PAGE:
“The urgency of act”

Landry added that athletes “still experience these situations” and that the second letter is also intended to reiterate “the urgency to act”.

< p>“It's another way to show how much we need change and that we still receive, to this day, other reports of abuse that is happening in our sport,” she said.

Like the other signatories, Alexandra Landry explained that she feared “conflict of interest” situations if the investigation was conducted by an entity such as the Office of the Sport Integrity Commissioner. .

“Basically, it’s a way of demonstrating that we are listened to. But we are not moving any further, because it is funded by Sport Canada, the same organization that refused to hold the sports federations responsible for what is happening at the moment,” she lamented.

“The important thing is to have an investigation that takes place outside the sporting world, by experts,” she continued.

– With the QMI Agency

Not in the Shadow of Hockey Canada

If several Canadian sports federations, including Gymnastics Canada, have been splashed by scandals of abuse or mismanagement in recent months, none has hit the headlines as much as Hockey Canada.

It is is of course a totally different case. The organization has come under fire for settling various sexual assault claims against its players, including one for a gang rape that allegedly occurred in 2018

Its officials had to testify in parliamentary committee. Faced with political pressure, but also financial – many sponsors have severed their ties with the federation – its chief executive, Scott Smith, tendered his resignation.

The members of the board of directors who hadn't already jumped ship also announced they were stepping down.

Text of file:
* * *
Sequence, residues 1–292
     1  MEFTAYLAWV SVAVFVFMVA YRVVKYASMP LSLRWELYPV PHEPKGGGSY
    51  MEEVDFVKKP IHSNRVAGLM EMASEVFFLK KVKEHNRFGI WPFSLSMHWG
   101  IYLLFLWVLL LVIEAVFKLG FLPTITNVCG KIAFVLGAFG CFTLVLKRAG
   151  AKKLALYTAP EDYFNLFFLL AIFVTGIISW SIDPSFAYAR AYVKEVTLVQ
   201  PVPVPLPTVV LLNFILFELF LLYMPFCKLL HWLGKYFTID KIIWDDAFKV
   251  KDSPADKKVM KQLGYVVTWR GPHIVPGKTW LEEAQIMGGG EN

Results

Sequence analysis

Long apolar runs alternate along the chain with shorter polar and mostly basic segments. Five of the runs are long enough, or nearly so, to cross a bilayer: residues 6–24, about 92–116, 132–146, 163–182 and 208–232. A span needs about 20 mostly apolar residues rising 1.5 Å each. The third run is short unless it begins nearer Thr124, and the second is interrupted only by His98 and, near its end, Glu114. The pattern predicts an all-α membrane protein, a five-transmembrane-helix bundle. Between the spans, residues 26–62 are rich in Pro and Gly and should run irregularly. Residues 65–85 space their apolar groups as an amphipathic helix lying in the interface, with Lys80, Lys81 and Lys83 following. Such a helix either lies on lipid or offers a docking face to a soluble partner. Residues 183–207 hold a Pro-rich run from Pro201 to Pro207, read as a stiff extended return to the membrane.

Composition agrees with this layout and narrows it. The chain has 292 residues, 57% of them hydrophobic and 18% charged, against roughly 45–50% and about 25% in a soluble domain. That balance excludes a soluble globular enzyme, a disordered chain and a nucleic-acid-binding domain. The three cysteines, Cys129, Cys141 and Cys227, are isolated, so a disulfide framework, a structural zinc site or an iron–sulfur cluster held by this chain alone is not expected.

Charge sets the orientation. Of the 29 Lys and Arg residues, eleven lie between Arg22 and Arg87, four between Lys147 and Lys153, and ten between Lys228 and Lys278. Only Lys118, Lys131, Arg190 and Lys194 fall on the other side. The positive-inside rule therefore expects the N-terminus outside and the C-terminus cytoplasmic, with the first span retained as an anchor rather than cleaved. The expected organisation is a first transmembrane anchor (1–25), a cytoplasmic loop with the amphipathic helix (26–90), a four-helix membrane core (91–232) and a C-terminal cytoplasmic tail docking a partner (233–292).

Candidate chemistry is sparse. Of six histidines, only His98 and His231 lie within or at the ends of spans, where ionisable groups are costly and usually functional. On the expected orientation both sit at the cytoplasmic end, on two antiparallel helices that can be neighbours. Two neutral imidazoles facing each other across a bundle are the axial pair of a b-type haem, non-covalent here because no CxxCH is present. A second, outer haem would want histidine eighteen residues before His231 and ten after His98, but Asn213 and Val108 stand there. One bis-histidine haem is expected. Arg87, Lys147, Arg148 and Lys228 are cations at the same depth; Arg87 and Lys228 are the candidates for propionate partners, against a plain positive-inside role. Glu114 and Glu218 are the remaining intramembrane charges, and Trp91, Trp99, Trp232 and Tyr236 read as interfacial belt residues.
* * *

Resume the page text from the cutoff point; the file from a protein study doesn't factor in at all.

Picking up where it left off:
In-Depth Look

At Gymnastics Canada, it is the abuses committed by people in positions of authority that are mostly denounced. And at Rugby Canada, for example, an independent report released in the spring described a “culture and leadership vacuum.”

High-profile as it is, the Hockey Canada scandal has not overshadowed athletes from other Canadian federations who are asking for help, says former Quebec gymnast Alexandra Landry.

On the contrary, she said Wednesday. “Yes, it takes up space, but it allows us to take a deeper look at what is happening within other sports organizations in Canada.”

“We understand that the same situation is happening in other sports, she continued. We are there to support the other athletes.”

Sexual abuse and humiliation

Landry adds that gymnastics is a different sport. “These are athletes who start very young and who are very vulnerable,” she explained.

The letter sent to Minister of Sport Pascale St-Onge on Wednesday also mentions of a list of abuse suffered by young gymnasts, which would have been sent to his office last June.

It is about “children publicly humiliated”, “sexually abused ”, “forced to train despite injuries”, “deprived of food” or “verbally and psychologically abused”, reported the CBC.